Sonata Notes: Beyond “Virtual Teams” – Promoting Remote Collaboration at Scale

Young Black businesswoman works on laptop in home office

A recent study found that, while virtual teams are 5-8% more productive, remote workers spend 25% less time communicating with peers outside their immediate group.   This has some leaders worried that remote work will undermine the kind of cross-functional collaboration that drives innovation.  For instance, an internal study by Microsoft concluded that, “firm-wide remote work caused the collaboration network of workers to become more static and siloed, with fewer bridges between disparate parts.” 

So is cross-functional collaboration really that essential for innovation?  And is there any way for remote workers to overcome barriers?

While it is difficult to quantify “innovation”, here are a few things we know:

  • Interactions across teams can drive innovation by exposing people to new ideas and different ways of thinking.  For instance, tech giant CISCO encourages engineers to collaborate with people in customer-facing roles to gain insights into user experience.  

  • Collaboration makes people more responsive to the needs of others. For example, when finance communicates regularly with other departments, they will likely feel empathy rather than irritation when colleagues get confused about budget codes.

  • Working across teams can accelerate new initiatives, bringing together top performers from multiple teams to tackle strategic challenges. And involving key stakeholders in the early design/planning stage can save time securing their approval later on.

So, if cross-functional communication and collaboration are the bedrock of innovation, how can organizations support this dynamic in a virtual workforce?

  • Create virtual spaces and set aside time for cross-functional collaboration and knowledge sharing.  When designing their remote work processes and platforms, most organizations focus on how individual teams communicate (via tools like Teams, Slack, Zoom, or Google Chat.)   Rarely do they reach the point of considering when, where, and how people from different virtual teams will connect, outside of scheduled meetings.

    The best solutions will vary by organization, but – to give some examples:

    • Cross-functional project teams should definitely have their own Slack/Teams channels, though you want to avoid over-proliferation of instant messaging.
    • Social media style platforms like Yammer, Open Social, or Facebook Workplace are a good option for communities of practice/interest (e.g., your Women’s Leadership Group or Human-Centered Design Academy), so long as people understand the relationship between these platforms and day-to-day collaboration apps like Slack/Teams.
    • A well-designed intranet can help serve as a hub for organization-wide knowledge and resource sharing, whether it’s used for document libraries, blog posts, or directories of in-house subject matter experts.

    In addition to setting up these virtual spaces, you also need to set expectations for how much time people can/should spend engaging with them throughout the week.

  • Consider an “X-Team” model.  X-Teams are an organizational model popularized by MIT professor Deborah Ancona and embraced by organizations like BP, Citibank, and Southwest Airlines.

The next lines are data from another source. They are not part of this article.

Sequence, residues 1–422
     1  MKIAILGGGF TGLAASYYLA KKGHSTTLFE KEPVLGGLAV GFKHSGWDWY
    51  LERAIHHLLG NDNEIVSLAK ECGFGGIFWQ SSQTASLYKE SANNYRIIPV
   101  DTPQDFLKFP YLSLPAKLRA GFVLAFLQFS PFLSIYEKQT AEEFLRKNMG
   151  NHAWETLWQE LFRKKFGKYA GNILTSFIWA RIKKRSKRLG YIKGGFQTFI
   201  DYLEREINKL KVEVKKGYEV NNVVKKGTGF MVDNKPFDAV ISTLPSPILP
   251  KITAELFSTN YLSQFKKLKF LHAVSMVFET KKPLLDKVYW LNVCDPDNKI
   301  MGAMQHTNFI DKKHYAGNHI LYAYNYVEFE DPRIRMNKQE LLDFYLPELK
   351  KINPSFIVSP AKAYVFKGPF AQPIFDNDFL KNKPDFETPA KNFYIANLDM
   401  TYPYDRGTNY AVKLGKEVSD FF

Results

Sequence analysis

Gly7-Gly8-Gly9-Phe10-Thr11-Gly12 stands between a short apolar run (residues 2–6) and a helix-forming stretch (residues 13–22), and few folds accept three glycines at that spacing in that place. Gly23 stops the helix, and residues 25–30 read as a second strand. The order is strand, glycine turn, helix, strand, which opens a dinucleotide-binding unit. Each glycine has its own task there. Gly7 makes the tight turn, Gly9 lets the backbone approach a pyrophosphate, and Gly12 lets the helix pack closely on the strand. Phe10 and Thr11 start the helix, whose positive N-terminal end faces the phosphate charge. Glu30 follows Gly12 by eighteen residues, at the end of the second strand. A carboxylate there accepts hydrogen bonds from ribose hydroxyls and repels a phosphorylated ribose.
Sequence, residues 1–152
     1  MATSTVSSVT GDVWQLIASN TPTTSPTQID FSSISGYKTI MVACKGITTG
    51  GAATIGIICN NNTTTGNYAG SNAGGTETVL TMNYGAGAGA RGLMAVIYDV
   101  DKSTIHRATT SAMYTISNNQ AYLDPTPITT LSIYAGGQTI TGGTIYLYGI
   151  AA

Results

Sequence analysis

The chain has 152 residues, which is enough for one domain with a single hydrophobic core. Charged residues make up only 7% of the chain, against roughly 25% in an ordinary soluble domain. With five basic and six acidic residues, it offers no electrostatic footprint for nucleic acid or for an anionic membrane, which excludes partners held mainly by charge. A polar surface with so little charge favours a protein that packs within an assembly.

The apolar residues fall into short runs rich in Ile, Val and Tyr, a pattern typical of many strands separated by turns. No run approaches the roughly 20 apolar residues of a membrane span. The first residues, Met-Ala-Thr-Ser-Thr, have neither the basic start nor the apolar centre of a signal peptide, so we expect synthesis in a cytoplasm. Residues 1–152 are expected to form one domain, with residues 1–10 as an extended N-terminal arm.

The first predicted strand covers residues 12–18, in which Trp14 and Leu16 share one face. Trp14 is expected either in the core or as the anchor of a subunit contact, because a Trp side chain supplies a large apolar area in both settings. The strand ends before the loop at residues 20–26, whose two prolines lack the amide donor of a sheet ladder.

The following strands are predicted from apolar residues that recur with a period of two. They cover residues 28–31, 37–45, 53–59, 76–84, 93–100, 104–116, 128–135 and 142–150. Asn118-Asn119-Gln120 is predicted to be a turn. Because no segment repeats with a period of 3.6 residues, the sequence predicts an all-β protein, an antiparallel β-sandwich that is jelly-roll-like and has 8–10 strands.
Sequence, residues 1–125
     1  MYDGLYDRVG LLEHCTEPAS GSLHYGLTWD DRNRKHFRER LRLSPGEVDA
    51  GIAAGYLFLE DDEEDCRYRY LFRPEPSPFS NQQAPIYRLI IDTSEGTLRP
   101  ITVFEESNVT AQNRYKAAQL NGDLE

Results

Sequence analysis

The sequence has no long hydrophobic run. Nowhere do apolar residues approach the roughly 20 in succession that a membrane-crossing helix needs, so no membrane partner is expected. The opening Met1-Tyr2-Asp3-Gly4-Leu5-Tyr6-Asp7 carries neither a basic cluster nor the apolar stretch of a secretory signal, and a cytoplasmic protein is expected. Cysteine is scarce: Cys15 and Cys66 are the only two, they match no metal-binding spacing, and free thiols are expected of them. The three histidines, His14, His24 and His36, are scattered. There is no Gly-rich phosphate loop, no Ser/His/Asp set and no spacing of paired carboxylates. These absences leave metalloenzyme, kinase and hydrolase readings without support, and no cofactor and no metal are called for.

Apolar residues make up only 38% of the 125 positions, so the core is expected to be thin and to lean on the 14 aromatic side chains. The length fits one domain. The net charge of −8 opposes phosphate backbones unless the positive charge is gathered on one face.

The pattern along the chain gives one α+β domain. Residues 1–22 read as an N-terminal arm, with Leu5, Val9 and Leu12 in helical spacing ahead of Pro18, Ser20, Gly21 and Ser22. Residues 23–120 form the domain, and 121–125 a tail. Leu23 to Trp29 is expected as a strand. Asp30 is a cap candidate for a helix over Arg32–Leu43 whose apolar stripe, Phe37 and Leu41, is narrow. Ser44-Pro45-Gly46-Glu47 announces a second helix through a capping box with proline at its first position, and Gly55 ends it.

The “X” stands for “externally focused”: rather than fixating on their own internal goals and operations, they proactively seek out new ideas, information, and feedback from outside stakeholders (“scouting”), advocate for their priorities and secure resources from senior decision makers (“ambassadorship”), and negotiate/coordinate with other teams for mutual benefit (“task coordination”).  

    In practice, the X-Team model is challenging as it requires radical transparency, assumes teams will be able to resolve conflict peaceably, and requires managers to juggle internal and external priorities.  As such, it’s not appropriate for every team (if your quality assurance team is working just fine without radical innovation, then it might be best for them to stay focused on internal processes).  But, applied properly, it’s a great way to vaporize silos in a large remote workforce.

  • Make sure cross-functional teams have a clear purpose.  While there are many success stories about how cross-functional teams spawned innovations like Apple’s iPhone, a Harvard study found that 75% of cross-functional teams are dysfunctional and fail to achieve their hoped-for results.  So, if you’re pulling people away from their teams to collaborate on cross-functional projects, make sure the problem/opportunity they are meant to address is clear, and check up regularly to ensure strategic alignment.

  • Introduce a random element.  While organizations can create the conditions for innovation, there is a certain, serendipitous, lightning-in-a-bottle aspect to innovation that cannot be planned or forced.  Sometimes, finding time for colleagues from different teams to mix and mingle with no predetermined agenda can spark innovative ideas.  Apps like Donut and Hallway can randomly connect colleagues for “virtual coffee” meetings, and have been used by organizations like Netflix and Okta to support innovation, DE&I, and culture building activities.

Innovation is another area where things that occur spontaneously in an on-site setting are possible remotely, with some thoughtful planning and effort.  But the upside is that doing the things that are good for innovation in a remote workplace are good for innovation, generally.


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